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TIFF: Behind the mask of horror

s&man.jpg

Eric Rost, hawking his wares.

JT Petty's "S&MAN" (pronounced "sandman") is a little like "The Blair Witch Project" in that it starts off as a documentary about a filmmaker making a documentary, and then turns itself around on the viewer. (Also in the way it uses the web as an extension of the movie.) Petty himself has made transgressive horror films ("Soft Digging"), and he'd originally planned to make a doc for HDNet about a video peeping tom who got away with his crime because the neighbors he'd been spying on didn't want his footage made public if introduced as evidence in a trial. But (o, irony!) the peeper wouldn't agree to appear on camera. A person has a right to some privacy.

So, the movie Petty wound up making instead incorporates interviews with academics, psychiatrists, and underground horror actors and filmmakers that explores the line between horror and documentary, and the sado-masochistic aspects of both.

Professor Carol Clover, author of the seminal (sorry) "Men, Women, and Chain Saws" -- and some of the horror filmmakers themselves -- talk about their sensitivity to the mistreatment (or apparent mistreatment) of animals on the screen because, as Clover puts it, that feels to her like an "unmediated" experience. Footage involving humans, no matter how horrific, is still "mediated" because unless you can be certain -- and you rarely can -- that it's a genuine snuff film (like terrorists beheading their captors on the Internet), you can be reasonably sure it's not "real."

But that's exactly the safety zone some of these filmmakers want to eliminate, and what their customers want to buy. They want to feel like what they're seeing is, as one of them puts it, "a serial killer's home movies." Bill Zebub (say it out loud) makes relatively mild fetish films like "Kill the Scream Queen" and "Jesus Christ: Serial Rapist" (where the hole in the title character's hand is used for auto-erotic purposes) in Clifton, NJ. Fred Vogel (or Fredenstein), who trained under Tom Savini, created the August Underground series of realistic faux-snuff films. And Eric Rost... well, we're not so sure about him. He lives in his mother's basement in Queens and, at the time of the filming, has produced eleven episodes of something called "S&MAN," in which a woman is stalked -- on the street, at her job and beyond -- seemingly without her knowledge. At the end of each episode, after snuffing out her identity with voodoo-esque rituals, Eric himself kills her on camera.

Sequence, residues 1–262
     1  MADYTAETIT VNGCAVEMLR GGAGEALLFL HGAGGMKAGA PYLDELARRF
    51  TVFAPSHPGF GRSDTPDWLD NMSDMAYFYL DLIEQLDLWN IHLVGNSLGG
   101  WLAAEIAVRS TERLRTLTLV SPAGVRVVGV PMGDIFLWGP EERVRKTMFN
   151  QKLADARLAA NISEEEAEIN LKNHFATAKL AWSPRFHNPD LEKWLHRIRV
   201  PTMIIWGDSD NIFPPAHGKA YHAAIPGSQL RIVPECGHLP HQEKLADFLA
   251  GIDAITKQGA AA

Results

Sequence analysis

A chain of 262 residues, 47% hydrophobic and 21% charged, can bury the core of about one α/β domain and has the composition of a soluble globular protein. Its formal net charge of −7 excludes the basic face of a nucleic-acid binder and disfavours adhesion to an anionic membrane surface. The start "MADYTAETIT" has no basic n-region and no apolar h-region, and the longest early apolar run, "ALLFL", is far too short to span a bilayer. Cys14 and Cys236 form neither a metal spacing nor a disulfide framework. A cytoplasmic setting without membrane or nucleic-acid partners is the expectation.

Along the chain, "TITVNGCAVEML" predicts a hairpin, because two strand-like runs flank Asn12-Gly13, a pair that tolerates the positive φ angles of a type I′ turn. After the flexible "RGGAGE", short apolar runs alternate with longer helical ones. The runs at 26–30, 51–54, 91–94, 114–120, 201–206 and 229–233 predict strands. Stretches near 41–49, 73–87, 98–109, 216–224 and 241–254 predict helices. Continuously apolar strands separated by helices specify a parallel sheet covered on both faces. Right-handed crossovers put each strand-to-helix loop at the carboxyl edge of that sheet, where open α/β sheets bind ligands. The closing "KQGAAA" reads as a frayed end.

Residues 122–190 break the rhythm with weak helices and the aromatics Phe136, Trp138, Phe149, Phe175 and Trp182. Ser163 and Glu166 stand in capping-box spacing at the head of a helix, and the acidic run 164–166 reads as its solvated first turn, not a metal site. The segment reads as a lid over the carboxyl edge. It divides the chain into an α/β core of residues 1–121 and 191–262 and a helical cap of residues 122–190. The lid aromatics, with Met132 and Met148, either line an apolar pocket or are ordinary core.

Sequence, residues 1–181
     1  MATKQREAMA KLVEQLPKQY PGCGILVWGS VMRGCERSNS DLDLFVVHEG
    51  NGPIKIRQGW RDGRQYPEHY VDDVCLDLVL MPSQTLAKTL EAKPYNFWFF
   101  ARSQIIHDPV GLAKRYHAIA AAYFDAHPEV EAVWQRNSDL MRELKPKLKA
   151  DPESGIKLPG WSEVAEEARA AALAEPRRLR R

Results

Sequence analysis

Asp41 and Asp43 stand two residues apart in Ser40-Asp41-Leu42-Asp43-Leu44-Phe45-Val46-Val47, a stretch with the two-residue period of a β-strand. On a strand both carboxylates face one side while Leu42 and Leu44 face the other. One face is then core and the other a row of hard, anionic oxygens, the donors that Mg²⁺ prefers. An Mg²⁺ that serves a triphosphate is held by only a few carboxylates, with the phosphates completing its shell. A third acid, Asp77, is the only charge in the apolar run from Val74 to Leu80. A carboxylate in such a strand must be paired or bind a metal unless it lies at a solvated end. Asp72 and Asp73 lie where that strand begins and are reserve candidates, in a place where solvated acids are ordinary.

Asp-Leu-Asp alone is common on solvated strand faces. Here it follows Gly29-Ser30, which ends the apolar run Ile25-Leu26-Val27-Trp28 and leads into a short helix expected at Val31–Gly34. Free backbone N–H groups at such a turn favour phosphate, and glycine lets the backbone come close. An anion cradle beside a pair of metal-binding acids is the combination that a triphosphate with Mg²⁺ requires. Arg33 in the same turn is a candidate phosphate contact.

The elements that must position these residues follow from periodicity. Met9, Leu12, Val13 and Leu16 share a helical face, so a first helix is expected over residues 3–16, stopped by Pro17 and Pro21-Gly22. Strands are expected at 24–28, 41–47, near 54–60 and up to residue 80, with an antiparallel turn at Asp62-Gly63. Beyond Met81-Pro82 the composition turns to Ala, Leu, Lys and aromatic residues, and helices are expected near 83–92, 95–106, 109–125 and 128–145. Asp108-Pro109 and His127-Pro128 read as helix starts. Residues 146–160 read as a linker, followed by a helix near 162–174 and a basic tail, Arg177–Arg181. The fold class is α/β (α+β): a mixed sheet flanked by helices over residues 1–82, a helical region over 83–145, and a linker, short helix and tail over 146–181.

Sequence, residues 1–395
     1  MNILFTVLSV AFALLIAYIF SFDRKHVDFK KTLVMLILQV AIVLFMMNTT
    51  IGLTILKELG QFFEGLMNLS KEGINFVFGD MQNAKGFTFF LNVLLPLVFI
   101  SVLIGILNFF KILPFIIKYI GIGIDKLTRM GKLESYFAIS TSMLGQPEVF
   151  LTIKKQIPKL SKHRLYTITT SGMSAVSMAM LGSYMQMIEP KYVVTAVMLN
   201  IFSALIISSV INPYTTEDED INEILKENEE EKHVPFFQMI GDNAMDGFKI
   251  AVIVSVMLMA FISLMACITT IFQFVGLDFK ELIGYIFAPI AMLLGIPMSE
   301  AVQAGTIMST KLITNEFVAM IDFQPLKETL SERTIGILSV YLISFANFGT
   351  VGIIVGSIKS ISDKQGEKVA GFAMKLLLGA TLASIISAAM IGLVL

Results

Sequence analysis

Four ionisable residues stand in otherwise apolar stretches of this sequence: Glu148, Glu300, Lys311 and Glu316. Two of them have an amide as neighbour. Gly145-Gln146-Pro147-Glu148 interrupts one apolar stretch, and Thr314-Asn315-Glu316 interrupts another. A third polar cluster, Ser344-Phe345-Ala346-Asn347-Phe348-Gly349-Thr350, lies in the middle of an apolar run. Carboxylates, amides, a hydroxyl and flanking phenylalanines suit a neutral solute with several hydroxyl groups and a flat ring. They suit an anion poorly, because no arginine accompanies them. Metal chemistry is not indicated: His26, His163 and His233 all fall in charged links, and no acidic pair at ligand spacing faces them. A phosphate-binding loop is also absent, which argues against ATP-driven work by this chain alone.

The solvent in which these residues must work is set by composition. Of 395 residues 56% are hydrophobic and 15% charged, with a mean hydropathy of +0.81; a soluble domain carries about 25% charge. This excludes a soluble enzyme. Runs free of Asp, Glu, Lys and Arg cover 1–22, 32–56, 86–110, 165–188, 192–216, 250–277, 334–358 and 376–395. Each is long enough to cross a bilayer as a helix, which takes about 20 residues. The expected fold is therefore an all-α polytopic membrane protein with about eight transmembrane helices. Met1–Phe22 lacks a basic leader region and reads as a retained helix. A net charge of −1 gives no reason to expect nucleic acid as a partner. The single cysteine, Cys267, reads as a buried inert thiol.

Well, "kills." The idea is that you're not supposed to know for sure whether you're watching something genuine or not. (In the case of Rost's "series," it's pretty easy to tell because the victims just don't struggle like they really want to get away.) Still, it's a worthwhile subject, and one that's been explored in fictional films for years (Hitchcock's "Rear Window" and "Psycho" (1960); De Palma's "Hi, Mom!" and "Sisters"; Cronenberg's "Videodrome" -- just to begin with) 

The "Be Black, Baby" sequence of "Hi, Mom!" may be the best example I've ever seen of a filmmaking pulling you in with pure technique (hand-held, black-and-white documentary technique) and then showing you something you might have thought you wanted to see, but realize you really don't. The viewer/voyeur watching the movie is violated even more than the people onscreen. To paraphrase one of the interviewees in "S&MAN" (and "Videodrome"), it's violence coming in directly through the eyes.

"Scream Queen" Debbie D, who sometimes makes "custom" videos for customers, indulging their specified fetishes, says she'd do almost anything on screen as long as it's "not X." She says almost all of the fantasies requested involve violence, not sex. Rost's dubious web site is wanttoseeadeadbody.com, and "S&MAN" asks: "Well, do ya, punk?"

I don't usually quote from press notes in reviews, but since this isn't a full-fledged review but festival coverage, here are slices of a statement from Petty:

In the second day of my interview with Carol Clover, I asked her if she thought documentary was as sadistic a form as the slasher horror film.

"Oh, absolutely," she said. [...]

I never had to bring up the word "snuff" with my underground filmmakers. The conversation always came back to making onscreen death more painful to watch, more realistic. It was a sort of "method acting" of filmmaking. What if you're really sleep-deprived, gagged, and duct-taped? What if you're really beaten? What if you really don't know when we're filming? What if we use real blood? [...]

This movie... is about voyeurism, horror films, and mass culture. Most importantly, though, "S&MAN" itself becomes a movie about blurring the line between real and fictional murder. I hope nobody comes away from it feeling clean.

You may not want to read any further if you're interested in seeing "S&MAN." Nothing specific is given away, just clues about how the filmmaker wants you to watch the movie.

Where do you draw the line between reality and fiction, between the filmmaker and his persona onscreen? I couldn't study my subjects and not become implicated in what they do. I don't trust them, and an audience shouldn't trust me.

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